The COVID-19 pandemic has reminded us how important access to good health information is for public decision-making, but this need for public data and information is not new. The need for national and local level community information and data exists for marginalized folks all the time. We envision a public and academic (and perhaps health) librarianship that follows the lead of disabled community members, supporting decision-making and on issues of importance to them, such as personal data stewardship and safety, informed refusal, financial and insurance literacy. Community-led research and practice should move beyond leveling access and centering marginalized people to the work of dismantling margins whenever possible.

No Justice Without Critique

The critical disability framework we developed was not an especially rigorous one, in terms of building capacity for equitable and just information systems and spaces for people with disabilities, and most of the works examined only scored a 2 or 3 out of 5. Disability justice advocates have long pushed for much more transformative policies, disability-led work (rather than participatory work, which is typically led by nondisabled people), anti-capitalism, collectively oriented systems of care and access (rather than individually oriented access), humane and sustainable labor practices and ideologies, and collective liberation (Hosking, 2008; Berne et al., 2018). The framework also excluded explicit acknowledgment of intersectionality; justice-oriented methodologies (e.g. community-led research and autoethnographies). While a critical perspective alone isn’t enough to build just systems, we cannot hope to build just, humane, or useful systems with a timid stance on critique. Additionally, a myopic focus on individual behaviors, intentions and the cognitive perspective hampers our capacity for rigorous examination and improvement. A critical perspective enables us to contend with the social systems, norms, and frameworks that scaffold our research and practice, the definitions, assumptions, and biases that form their foundations, and the systems of power and control that serve as mortar to hold them together.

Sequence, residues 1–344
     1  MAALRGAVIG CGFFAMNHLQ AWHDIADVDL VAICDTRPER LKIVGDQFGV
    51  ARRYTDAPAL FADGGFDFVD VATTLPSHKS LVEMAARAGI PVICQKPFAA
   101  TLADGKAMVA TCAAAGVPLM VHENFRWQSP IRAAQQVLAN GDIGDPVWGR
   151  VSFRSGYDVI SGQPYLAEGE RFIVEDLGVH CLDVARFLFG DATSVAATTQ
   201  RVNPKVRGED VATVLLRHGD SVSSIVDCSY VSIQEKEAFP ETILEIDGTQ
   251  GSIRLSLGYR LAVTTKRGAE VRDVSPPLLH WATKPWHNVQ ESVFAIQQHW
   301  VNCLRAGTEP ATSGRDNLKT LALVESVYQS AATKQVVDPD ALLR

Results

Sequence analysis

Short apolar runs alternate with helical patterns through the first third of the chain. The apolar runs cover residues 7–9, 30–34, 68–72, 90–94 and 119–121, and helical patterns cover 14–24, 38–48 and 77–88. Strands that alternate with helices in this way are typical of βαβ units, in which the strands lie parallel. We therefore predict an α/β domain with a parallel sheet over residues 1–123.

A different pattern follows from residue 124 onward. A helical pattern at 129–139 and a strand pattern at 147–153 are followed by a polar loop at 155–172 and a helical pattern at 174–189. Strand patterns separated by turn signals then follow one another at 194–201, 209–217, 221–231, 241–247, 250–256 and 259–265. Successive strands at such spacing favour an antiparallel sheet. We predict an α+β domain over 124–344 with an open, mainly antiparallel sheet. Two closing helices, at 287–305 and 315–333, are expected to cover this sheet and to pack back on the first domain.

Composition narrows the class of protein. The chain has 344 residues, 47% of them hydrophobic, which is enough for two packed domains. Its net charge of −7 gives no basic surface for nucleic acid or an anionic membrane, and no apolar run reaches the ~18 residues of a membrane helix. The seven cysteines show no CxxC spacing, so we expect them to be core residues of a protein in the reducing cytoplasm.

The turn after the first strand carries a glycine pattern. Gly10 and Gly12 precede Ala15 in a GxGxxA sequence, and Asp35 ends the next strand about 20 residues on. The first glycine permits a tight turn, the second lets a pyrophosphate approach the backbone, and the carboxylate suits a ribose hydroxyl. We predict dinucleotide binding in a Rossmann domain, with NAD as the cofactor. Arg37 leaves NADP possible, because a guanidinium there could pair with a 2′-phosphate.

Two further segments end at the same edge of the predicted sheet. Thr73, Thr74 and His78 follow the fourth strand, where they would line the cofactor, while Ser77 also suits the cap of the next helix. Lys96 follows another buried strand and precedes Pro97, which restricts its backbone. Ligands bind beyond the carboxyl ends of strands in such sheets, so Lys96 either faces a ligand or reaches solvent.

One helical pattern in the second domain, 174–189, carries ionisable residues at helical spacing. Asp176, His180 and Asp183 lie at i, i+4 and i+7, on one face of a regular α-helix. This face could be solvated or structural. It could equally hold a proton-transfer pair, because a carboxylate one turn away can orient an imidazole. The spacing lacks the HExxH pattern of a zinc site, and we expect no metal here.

Acknowledgments

We would like to thank Jessica Schomberg and Ryan Randall for your work in reviewing this paper. Your insightful feedback helped us clarify and strengthen our arguments and explanations. We would also like to thank Ian Beilin for managing this publication and keeping it on track through a summer of unrest and a year of pandemic life. This publication would not have been possible without your support.

This publication was made possible in part by the Institute of Museum and Library Services RE-07-17-0048-17.

Accessible Equivalents

Figure 1 as a Table

Figure 1. Distribution of articles published between 1978 and 2018
Year Number of Disability-related articles
1978-1988 62
1989-1998 90
1999-2008 280
2009-2018 388

Return to Figure 1 caption.

Figure 2 as a Table

Figure 2: Proportion of LIS disability articles focused on technology between 1978 and 2018
Year Disability with Tech Disability without tech Total articles Percentage with Focus on Technology
1978-1988 4 58 62 6.45%
1989-1998 25 65 90 27.78%
1999-2008 158 122 280 56.43%
2009-2018 209 179 388 53.87%

Return to Figure 2 caption.

Figure 3 as a Table

Figure 3: Distribution of articles in the representative sample
Number of Articles Percentage of Articles
Original research 145 55.13%
General reviews 51 19.39%
Technical papers 23 8.75%
Conceptual works 19 7.22%
Viewpoint articles 16 6.08%
Literature reviews 9 3.42%

Return to Figure 3 caption.

Figure 4 as a Table

Figure 4: Categories of disability identified in the sample literature set
Category of Disability Number of Articles Percentage of Articles (Rounded)
Non-specific and generalized 127 45
Blindness and low vision 59 21
Learning disabilities, including dyslexia and other print disabilities 28 10
Deafness and hearing impairment 19 7
Physical disabilities 13 5
Autism 10 4
General aging 10 4
Intellectual disabilities, including Down syndrome 8 3
Mental illness, including dementia 3 1
HIV 2 1
Multiple sclerosis 2 1
Palliative – end of life 1 0
Totals 282 102

Return to Figure 4 caption.

Figure 5 as a Table

Figure 5: Frequency of Each Critical Criteria in Sample
Critical Criteria Number of Articles
CON (Disability as socially constructed) 102
POW (Addresses power, access, and/or justice) 123
TAP (Connects theory to practice/praxis) 153
OPP (Recommends systemic changes) 190
BOD (Disability as physical/medical model) 223

Return to Figure 5 caption.

Figure 6 as a Table

Figure 6: Percentage of Titles with Total Critical Framework Scores (CFS)
Number of Criteria Fulfilled Percentage of Articles Number of Articles
1 Criterion 17.79% 50
2 Criteria 24.91% 70
3 Criteria 25.98% 73
4 Criteria 15.3% 43
5 Criteria 16.01% 45

Return to Figure 6 caption.